A rare type of food poisoning with a mortality greater than 50 per cent, caused by the presence of the exotoxin of the anaerobic bacterium Clostridium botulinum, usually in contaminated tinned or bottled food. Symptoms develop a few hours after ingestion.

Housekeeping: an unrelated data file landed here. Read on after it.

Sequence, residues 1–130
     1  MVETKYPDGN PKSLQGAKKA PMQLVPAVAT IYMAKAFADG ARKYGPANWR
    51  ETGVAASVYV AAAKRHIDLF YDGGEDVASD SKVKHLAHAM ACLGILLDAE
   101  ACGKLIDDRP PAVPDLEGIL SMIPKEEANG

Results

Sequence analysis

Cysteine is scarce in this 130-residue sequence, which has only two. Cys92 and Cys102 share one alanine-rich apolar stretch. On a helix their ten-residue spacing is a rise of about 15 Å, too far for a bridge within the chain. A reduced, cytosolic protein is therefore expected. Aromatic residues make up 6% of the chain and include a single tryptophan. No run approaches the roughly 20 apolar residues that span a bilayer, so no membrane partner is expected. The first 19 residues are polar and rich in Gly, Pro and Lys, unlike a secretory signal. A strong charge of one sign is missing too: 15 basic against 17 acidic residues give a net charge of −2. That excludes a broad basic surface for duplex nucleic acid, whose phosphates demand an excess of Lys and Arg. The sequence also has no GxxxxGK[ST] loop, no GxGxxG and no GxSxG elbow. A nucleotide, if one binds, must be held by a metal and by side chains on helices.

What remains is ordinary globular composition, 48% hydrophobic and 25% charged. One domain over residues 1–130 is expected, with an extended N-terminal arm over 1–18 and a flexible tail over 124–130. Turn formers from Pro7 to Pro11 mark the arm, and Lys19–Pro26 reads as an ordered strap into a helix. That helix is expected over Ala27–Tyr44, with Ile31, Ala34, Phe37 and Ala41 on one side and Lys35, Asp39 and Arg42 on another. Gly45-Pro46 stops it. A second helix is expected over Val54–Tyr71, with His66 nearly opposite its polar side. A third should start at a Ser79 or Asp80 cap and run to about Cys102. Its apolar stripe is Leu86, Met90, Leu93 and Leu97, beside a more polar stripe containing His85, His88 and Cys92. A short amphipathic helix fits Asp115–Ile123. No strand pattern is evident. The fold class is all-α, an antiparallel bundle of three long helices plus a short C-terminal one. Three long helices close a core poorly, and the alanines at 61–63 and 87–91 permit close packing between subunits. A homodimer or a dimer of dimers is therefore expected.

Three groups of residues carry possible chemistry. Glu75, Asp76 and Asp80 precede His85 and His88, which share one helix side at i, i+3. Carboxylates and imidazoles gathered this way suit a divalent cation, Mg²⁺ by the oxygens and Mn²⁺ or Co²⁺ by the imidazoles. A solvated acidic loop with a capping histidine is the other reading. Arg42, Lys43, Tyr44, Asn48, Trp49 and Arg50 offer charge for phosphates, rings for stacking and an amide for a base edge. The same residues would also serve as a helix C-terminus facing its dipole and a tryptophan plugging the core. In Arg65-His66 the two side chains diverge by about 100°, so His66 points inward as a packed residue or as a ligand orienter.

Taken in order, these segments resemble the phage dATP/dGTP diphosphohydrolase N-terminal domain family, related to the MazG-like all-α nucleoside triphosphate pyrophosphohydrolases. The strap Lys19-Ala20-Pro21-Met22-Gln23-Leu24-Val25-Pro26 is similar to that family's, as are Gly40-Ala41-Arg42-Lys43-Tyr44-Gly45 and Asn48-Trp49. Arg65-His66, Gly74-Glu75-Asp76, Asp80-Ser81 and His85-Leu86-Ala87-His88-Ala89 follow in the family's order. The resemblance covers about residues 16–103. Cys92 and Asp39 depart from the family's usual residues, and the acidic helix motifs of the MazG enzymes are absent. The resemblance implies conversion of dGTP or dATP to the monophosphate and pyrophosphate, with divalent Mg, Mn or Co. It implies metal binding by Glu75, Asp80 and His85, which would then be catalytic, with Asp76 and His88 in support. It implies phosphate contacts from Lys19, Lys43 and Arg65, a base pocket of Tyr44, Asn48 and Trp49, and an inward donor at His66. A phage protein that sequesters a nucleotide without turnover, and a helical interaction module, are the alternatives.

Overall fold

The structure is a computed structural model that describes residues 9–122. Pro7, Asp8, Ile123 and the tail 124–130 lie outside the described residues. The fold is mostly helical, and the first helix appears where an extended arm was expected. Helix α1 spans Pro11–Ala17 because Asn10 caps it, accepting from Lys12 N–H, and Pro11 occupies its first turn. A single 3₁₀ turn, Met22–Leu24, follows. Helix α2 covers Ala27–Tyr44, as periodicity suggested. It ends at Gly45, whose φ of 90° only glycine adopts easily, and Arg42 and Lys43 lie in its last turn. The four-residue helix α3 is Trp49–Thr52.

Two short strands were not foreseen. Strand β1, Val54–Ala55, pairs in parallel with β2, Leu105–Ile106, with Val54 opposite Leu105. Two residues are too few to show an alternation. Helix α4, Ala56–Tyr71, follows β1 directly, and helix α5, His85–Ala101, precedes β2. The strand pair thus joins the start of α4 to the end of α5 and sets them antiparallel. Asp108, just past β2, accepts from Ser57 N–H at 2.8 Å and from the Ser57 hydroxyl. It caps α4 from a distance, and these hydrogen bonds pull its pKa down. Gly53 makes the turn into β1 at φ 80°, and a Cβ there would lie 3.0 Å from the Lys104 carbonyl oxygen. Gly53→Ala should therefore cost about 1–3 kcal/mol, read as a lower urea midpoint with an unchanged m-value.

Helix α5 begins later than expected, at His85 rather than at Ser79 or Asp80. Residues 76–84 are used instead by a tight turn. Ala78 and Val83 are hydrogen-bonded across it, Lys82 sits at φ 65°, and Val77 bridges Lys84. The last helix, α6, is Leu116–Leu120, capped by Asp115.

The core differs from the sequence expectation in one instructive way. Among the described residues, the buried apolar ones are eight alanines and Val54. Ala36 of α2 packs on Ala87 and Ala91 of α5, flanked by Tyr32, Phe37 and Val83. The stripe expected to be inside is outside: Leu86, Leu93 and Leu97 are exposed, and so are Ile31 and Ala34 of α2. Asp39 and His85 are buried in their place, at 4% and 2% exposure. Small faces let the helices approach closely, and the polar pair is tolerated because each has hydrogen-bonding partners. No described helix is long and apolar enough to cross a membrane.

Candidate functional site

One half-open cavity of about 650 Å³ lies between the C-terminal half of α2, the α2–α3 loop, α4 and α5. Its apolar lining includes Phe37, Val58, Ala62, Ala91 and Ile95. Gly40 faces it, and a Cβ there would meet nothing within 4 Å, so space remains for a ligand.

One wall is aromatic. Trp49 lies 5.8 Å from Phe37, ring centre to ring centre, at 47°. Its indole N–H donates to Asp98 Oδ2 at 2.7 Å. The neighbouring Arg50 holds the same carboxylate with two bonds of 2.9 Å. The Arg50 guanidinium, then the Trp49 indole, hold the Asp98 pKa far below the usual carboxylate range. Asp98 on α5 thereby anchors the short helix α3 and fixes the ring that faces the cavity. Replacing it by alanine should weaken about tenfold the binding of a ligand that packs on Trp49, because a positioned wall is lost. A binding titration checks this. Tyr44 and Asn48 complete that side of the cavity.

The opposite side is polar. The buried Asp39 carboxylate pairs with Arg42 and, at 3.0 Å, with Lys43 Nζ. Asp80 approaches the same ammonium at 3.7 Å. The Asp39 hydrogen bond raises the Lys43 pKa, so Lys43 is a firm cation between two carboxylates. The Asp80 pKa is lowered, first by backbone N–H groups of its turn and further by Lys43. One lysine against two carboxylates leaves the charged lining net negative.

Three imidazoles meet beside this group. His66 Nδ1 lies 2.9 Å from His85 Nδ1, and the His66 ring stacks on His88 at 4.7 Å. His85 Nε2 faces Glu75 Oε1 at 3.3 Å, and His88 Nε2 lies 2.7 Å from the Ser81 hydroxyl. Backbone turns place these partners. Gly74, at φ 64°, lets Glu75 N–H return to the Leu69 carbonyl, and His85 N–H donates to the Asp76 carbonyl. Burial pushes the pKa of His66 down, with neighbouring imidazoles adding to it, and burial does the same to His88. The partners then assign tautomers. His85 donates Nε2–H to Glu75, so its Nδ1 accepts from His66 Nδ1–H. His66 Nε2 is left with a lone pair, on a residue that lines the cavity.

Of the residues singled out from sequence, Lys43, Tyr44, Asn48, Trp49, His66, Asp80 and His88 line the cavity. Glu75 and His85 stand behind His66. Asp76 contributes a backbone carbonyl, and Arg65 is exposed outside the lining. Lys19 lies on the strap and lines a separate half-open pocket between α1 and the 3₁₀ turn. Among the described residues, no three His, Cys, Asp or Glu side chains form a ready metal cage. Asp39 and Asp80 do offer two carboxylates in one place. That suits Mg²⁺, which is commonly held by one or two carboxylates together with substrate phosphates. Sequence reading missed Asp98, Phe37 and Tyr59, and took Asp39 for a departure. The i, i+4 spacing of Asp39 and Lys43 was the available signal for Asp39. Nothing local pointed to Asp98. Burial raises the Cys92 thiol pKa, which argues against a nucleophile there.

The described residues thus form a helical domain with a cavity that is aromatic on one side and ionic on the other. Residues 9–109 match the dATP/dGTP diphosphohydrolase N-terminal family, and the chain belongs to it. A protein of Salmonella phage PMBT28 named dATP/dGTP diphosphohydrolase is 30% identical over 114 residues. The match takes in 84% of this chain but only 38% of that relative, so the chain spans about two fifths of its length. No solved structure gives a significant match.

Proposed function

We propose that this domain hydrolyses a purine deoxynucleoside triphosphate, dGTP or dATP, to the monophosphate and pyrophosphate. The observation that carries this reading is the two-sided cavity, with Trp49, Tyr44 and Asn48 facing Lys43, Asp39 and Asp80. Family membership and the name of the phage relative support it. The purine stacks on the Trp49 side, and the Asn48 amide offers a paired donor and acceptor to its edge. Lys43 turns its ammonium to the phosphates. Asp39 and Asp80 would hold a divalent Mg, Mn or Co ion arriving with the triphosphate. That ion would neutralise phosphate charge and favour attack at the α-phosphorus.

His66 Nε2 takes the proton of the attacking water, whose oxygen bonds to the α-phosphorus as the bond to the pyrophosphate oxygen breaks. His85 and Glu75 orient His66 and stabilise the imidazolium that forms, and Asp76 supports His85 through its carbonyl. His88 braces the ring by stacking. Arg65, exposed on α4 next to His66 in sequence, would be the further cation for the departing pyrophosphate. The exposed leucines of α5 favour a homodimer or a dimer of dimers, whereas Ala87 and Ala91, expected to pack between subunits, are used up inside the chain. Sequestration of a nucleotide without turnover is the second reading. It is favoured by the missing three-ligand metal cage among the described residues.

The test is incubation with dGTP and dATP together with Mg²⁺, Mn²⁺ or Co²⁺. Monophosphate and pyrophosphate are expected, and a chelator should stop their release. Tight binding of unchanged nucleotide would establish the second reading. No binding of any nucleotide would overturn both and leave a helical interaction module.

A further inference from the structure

The toxin has two components, one having haemagglutinin activity and the other neurotoxic activity which produces most of the symptoms. It has a lethal dose of as little as 1 mg/kg and is highly selective for cholinergic nerves. Thus the symptoms are those of autonomic parasympathetic blockade (dry mouth, constipation, urinary retention, mydriasis, blurred vision) and progress to blockade of somatic cholinergic transmission (muscle weakness). Death results from respiratory muscle paralysis. Treatment consists of supportive measures and 4 aminopyridine and 3, 4 di-aminopyridine, which may antagonise the eﬀect of the toxin.